If there is such a thing as wisdom and common sense about the kind of war we are fighting now, and appear likely to go on fighting for some time, Max Boot’s lucid, enlightening, and highly readable book is it.

The list of people that Boot covers is huge—he has a wonderful biographical as well as a narrative gift—and includes such disparate figures as John Brown, Michael Collins, Tito, Mao Zedong, Castro, Che Guevara, Arafat, and Baader-Meinhof. He is at his best on Edward Landsdale, the real-life “Quiet American” of Graham Greene’s novel, and one of the most misunderstood figures in modern American counterinsurgency, and very good in his analysis of why “invisible armies” seldom succeed. Lawrence could never have defeated the Turks with his unruly band of Bedouin on camels. It was only when his campaign was joined to Allenby’s conventional thrust of the British Army toward Gaza, Jerusalem, and Damascus that victory was obtained. By the same token the Viet Cong guerrillas had a terrific impact on the United States forces in Vietnam, but it took the addition of regular North Vietnamese forces on a large scale to win the war and take Saigon. Furthermore, although Mao’s victory in China is often credited to guerrilla warfare on a large scale, the Chinese Communist victory over Chiang Kai-shek was eventually achieved by conventional forces supplied with arms by the Soviet Union.

Most guerrilla wars eventually fizzle out, as Boot remarks, however uncomfortable they are to live with, unless they are supported by a friendly neighboring power (like Pakistan and the Taliban) or manage to transform the guerrilla forces into conventional fighting units (rare). On the other hand, as Boot points out in this endlessly fascinating book, time is on the side of the guerrillas—if they have the patience, they can wear down even the largest of armies, as Tito eventually wore down the Germans in Yugoslavia, despite Germany’s default policy of unbridled Schrecklichkeit (frightfulness).

Boot is even more astute in pointing out that the secret weapon of guerrilla armies is the printing press, or these days, television and the Internet. The modern home front will not support heavy civilian casualties, indiscriminate bombing of civilians, torture, and executions as a way to put down an insurgency, and civilian pressure at home adds a further complication to any attempt to defeat an insurgency by a regular army. Those old enough will remember that the Viet Cong, despite its many assassinations and enforcing of Marxist terror on civilians, became more popular than the United States Army among many young, educated people and the media, largely because of our heavy-handed policy of bombing “enemy” villages, the “search-and-destroy missions” with inevitable “collateral damage,” and the use of napalm and chemical weapons (Agent Orange).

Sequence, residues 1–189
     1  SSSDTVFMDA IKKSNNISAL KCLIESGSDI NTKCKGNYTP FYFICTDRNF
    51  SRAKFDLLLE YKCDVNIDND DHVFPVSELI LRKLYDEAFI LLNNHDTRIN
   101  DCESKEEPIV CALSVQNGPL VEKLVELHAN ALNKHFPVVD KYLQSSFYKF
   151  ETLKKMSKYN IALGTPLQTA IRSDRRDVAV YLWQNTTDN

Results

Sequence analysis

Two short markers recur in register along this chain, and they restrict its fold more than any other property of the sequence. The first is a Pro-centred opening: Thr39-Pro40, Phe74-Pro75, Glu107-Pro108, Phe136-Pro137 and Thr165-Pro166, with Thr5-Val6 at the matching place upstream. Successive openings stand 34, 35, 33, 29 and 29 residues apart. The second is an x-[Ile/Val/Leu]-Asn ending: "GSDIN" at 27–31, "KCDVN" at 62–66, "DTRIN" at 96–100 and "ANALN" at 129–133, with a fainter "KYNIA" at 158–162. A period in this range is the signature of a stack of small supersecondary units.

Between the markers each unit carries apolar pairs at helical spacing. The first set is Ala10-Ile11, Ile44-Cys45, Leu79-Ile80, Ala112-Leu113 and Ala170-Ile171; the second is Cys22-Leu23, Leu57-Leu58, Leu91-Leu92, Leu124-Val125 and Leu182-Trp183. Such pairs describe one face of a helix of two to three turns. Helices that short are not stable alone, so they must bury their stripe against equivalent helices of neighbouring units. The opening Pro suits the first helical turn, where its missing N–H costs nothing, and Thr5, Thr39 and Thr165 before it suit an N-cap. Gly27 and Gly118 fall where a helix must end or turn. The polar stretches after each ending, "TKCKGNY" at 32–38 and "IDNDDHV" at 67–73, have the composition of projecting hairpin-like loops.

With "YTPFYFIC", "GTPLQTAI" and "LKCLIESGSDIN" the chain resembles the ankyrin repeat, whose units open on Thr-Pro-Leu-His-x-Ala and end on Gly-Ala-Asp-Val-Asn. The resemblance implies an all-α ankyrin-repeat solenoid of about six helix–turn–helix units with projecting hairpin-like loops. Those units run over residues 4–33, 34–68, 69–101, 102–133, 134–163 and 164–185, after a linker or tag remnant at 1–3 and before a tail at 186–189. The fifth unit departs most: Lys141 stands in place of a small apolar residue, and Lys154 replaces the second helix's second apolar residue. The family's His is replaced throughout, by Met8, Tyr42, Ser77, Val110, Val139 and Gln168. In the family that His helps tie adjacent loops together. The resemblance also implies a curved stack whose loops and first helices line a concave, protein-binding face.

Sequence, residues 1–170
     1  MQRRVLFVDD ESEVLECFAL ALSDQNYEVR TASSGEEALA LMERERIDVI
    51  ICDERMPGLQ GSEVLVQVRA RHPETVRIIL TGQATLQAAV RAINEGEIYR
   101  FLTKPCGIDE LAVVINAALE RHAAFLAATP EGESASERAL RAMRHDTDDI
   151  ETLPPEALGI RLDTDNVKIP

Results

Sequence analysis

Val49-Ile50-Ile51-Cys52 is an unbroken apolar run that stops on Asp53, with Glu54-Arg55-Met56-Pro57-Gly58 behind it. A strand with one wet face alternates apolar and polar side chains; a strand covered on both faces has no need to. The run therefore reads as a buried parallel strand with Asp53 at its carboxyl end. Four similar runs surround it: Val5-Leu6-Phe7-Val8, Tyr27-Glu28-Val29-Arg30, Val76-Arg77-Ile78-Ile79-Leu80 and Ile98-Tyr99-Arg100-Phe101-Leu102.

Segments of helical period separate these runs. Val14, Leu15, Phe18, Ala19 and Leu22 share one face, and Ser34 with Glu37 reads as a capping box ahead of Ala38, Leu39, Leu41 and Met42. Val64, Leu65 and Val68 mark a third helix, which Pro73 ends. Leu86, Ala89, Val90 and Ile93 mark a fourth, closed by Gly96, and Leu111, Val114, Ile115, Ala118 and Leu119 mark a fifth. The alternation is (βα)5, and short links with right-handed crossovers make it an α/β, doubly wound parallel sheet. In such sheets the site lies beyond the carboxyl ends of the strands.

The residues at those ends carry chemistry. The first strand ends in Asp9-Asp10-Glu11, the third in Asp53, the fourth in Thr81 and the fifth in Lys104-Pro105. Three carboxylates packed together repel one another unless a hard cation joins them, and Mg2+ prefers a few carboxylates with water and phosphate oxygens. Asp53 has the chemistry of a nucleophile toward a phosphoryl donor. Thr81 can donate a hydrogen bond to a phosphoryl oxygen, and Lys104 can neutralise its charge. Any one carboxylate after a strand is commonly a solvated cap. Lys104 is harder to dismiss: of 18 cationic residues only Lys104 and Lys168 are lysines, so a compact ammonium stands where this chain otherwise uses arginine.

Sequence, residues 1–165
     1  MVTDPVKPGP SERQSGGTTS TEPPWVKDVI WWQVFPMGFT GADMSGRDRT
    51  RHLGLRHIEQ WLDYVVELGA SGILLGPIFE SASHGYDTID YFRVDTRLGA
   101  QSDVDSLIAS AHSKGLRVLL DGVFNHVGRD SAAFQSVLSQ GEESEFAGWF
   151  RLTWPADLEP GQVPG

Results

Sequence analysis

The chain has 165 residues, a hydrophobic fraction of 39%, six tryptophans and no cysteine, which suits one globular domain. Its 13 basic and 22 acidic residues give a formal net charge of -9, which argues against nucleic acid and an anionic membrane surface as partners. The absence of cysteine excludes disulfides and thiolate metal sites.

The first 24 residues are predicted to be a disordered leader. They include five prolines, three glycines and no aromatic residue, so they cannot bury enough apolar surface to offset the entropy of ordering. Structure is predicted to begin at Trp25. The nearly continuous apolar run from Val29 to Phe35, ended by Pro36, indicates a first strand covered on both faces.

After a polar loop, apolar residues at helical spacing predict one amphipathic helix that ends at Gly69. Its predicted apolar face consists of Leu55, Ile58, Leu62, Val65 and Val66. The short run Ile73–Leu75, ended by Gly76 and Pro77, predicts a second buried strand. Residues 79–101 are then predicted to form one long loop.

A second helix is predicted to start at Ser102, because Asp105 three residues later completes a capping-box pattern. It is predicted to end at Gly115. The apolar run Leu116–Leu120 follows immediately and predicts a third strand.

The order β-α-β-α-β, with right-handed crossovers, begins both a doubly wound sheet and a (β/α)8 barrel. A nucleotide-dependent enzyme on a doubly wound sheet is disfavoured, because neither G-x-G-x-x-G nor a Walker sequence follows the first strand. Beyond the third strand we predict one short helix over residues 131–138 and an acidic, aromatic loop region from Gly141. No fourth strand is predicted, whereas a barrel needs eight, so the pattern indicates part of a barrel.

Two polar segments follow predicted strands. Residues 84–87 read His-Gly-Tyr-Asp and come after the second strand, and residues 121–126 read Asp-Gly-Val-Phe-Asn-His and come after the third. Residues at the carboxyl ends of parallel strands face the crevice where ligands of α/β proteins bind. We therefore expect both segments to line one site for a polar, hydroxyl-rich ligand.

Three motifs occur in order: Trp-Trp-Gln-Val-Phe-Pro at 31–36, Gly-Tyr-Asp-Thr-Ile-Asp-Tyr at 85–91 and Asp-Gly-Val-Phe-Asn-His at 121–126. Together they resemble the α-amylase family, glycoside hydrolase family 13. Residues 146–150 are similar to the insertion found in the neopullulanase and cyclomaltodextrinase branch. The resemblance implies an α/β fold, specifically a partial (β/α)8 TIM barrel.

Boot’s Invisible Armies should be required reading in the White House and Pentagon—the breadth of his knowledge, his first-hand experience, and his sensible point of view make this the best and most realistic book on the subject since that classic work Colonel C. E. Caldwell’s Small Wars: Their Principles and Practice, with the additional advantage that it is well written and as readable as a novel. One hesitates to call any book on this subject “wise”; guerrilla warfare has for at least two centuries been a field that produces, particularly in the Anglo-Saxon world, more than its share of charlatans, quacks, obsessive mystics (like Wingate in Burma), and false messiahs, each convinced that warfare can be revolutionized with nothing more than a few sticks of dynamite and some small arms. And while it seems sensible to adapt the United States to “small wars,” an army of counterinsurgents, however effective, will not be much help if we end up fighting a conventional war against, say, China. All prognostications about the future of warfare should be taken with a grain of salt. Cyril Connolly caught this perfectly in his hilarious parody of the writings of the British military theorist and armored warfare guru Cap. B.H. Liddell Hart, which contains the memorable phrase, “Peace is a morbid condition, due to a surplus of civilians, which war seeks to remedy,” and notes: “As far back as 1873 I was advocating a small highly mechanized striking force in ‘expanding torrent‘ tactics, i.e. ‘deep infiltration.‘ The War Office paid no attention …”

Retreat is an advance in a reverse direction. Armies are always busily preparing for the wrong war and surprised by the one that eventually arrives. All the same, if there is such a thing as wisdom and common sense about the kind of war we are fighting now, and appear likely to go on fighting for some time, Max Boot’s lucid, enlightening, and highly readable book is it. I hope it is a huge bestseller—he deserves it, and it would do almost everyone in this country who thinks about war a world of good to read it.